Kathy DeClue: A Selfless Gift from a Younger Brother

A Randolph County woman with leukemia receives stem cells from her youngest brother in hopes of restoring her health and returning to work as a baker.

Kathy DeClue: A Selfless Gift from a Younger Brother click to enlarge Kathy DeClue and her husband, Harles, share a moment together outside SECU Family House.

Media contact: Tom Hughes, (919) 966-6047, tahughes@unch.unc.edu

Wednesday, August 15, 2012

Written by Elizabeth Swaringen for UNC Health Care

Chapel Hill, N.C. – Kathy DeClue loves her youngest brother Don Hammed for many reasons.  These days, Don’s selflessness is at the top of her list.  

“Don donated the stem cells I received during my transplant,” said Kathy, 57, of Trinity, N.C., in Randolph County.  “It was a favor I never thought I’d have to ask for. But I would have done the same for him if he needed me to.”

Kathy needed the stem cell transplant to treat chronic lymphocytic leukemia (CLL), a cancer of the blood cells. For some CLL patients, the disease progresses slowly and they may never need treatment.  For others, like Kathy, the disease was on fast-forward and required aggressive medical attention.

“From the start, we knew that the CLL was behaving like a high-risk disease and was resistant to just about all the therapies we have,” said James M. Coghill, MD, assistant professor of hematology and oncology at the UNC School of Medicine, a member of UNC Lineberger Comprehensive Cancer Center and the leader of Kathy’s health care team.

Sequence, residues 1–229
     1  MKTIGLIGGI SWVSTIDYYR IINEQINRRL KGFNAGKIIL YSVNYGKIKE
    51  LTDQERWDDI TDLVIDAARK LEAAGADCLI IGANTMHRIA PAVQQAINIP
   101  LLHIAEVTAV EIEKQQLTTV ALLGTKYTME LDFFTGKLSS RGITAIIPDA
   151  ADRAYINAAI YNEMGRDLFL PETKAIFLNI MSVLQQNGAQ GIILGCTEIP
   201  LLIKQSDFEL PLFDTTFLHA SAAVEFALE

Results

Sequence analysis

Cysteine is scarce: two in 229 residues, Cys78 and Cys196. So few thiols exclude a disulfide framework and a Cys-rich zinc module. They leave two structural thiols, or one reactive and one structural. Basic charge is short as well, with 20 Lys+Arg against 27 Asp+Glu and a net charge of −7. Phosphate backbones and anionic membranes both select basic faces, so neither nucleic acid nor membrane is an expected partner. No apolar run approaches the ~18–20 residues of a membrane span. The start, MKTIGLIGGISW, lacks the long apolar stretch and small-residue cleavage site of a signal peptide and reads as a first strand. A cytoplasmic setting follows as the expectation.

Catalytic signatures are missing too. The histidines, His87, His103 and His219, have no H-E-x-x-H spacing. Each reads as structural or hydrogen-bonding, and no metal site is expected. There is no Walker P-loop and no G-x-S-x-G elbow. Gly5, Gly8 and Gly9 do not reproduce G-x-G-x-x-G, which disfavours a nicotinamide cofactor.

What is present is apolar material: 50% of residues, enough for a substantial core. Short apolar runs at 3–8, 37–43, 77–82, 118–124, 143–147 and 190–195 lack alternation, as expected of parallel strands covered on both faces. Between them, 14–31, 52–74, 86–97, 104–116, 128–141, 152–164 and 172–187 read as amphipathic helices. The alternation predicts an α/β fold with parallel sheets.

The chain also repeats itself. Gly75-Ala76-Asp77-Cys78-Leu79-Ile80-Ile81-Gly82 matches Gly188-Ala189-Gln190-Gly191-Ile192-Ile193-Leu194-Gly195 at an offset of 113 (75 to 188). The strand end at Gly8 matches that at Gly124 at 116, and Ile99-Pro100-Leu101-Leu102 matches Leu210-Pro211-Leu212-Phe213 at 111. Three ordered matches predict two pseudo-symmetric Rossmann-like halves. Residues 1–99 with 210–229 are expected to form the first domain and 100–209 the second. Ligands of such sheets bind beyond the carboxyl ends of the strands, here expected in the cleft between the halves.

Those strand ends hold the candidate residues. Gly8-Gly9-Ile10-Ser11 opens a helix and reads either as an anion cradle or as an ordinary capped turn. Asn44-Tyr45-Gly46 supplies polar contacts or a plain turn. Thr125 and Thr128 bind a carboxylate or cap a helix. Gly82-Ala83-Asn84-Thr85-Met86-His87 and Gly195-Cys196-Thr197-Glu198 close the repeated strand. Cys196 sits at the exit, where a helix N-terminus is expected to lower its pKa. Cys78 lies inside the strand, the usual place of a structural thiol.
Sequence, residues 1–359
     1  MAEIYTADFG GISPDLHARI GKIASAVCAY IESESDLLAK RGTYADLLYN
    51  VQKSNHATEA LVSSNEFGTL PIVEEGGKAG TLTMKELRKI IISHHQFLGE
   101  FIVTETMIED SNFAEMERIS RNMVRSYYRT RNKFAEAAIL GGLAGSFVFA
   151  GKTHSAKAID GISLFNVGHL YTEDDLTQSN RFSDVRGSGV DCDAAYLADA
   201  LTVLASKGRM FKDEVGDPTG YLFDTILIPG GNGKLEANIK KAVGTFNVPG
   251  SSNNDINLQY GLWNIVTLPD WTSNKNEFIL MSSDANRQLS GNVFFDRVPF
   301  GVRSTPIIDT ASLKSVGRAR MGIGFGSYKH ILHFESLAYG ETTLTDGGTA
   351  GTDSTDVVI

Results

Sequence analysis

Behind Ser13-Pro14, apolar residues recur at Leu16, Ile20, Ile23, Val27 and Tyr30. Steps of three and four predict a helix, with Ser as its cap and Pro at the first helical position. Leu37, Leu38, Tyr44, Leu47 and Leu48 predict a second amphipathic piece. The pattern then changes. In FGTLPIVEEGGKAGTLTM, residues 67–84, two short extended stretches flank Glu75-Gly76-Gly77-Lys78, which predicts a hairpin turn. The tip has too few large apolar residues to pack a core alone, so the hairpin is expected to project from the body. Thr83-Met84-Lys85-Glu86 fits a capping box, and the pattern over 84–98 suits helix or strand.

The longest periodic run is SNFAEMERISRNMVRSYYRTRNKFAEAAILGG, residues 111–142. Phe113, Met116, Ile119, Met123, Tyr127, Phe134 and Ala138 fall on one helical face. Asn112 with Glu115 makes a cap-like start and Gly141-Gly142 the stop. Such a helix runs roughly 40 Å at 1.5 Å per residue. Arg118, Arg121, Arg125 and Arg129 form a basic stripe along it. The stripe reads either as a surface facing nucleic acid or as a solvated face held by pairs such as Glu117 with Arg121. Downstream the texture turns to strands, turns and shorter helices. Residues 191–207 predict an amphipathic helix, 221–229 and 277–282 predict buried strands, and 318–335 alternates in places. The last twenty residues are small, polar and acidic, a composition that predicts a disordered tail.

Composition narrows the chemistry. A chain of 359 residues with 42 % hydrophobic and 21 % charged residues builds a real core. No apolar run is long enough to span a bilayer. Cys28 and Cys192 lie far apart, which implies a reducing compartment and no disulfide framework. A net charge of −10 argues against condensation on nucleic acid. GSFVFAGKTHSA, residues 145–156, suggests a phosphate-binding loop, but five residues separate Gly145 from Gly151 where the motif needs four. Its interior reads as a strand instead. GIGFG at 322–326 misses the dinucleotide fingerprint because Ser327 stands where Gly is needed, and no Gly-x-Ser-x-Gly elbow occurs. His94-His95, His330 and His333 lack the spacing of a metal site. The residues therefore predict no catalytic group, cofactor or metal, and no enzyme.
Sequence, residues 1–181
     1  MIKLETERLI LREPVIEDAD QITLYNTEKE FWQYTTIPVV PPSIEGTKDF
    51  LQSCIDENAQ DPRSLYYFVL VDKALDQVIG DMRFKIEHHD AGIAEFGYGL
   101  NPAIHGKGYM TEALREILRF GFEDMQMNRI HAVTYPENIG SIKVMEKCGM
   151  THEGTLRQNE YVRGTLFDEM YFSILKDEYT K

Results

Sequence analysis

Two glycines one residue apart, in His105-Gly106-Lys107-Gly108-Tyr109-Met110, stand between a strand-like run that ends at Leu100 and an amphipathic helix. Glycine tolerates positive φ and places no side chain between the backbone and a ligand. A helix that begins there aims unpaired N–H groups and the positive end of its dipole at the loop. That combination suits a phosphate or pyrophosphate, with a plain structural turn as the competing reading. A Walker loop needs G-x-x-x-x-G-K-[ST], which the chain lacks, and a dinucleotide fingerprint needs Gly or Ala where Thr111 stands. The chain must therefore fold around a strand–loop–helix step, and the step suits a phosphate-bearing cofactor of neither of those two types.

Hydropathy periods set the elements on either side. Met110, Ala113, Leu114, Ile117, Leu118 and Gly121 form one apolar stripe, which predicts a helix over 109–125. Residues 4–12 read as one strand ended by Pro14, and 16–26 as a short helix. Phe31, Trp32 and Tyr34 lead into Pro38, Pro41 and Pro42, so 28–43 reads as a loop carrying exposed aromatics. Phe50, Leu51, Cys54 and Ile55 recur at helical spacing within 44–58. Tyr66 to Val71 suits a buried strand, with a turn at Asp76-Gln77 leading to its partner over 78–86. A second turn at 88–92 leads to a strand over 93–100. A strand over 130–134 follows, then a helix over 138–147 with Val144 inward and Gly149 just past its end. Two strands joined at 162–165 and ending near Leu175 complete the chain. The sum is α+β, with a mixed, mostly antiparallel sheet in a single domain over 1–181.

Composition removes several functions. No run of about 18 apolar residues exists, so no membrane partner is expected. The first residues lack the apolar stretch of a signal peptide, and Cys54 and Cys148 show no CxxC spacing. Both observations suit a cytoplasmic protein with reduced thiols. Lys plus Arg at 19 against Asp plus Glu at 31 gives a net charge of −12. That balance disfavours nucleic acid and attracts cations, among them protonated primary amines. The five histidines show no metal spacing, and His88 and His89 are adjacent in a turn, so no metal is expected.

“The stem cell transplant on April 25 was the best option for trying to get her disease under control, and Kathy had the luxury of three siblings who were a perfect match to donate stem cells.  She’s had a supportive family every step of the way.  I’m sure they would be willing to donate bone marrow again if she needed it.”

Besides Don, 46, of Kernersville, N.C., brother Butch Hammed, 56, and sister Rose Tucker, 60, both of Roanoke, Va., were perfect matches.  Having multiple matches is unusual as most patients, at best, have a one-in-four chance of getting a perfect match, Dr. Coghill said.

Don got the nod because he was “young, healthy and had never been pregnant,” Dr. Coghill said.  “Generally, we try to go with males as donors because female donors who have been pregnant develop antibodies that can increase the chances of graft vs. host disease or rejection.”

Rose, the mother of three children “jumped, cried and screamed” when she found out she was a perfect match for her sister and her best friend.  

“I wanted to be a match and her donor so bad, and I was really disappointed when they went with Don,” Rose said.  “They told me I’d have enough to do as her caregiver, and as it turned out, I did.”

Rose, who was laid-off from her child day care job last year, came to Chapel Hill and tended to Kathy’s every need during the preparations for the transplant and the 100 days post-transplant that Kathy was required to stay at SECU Family House.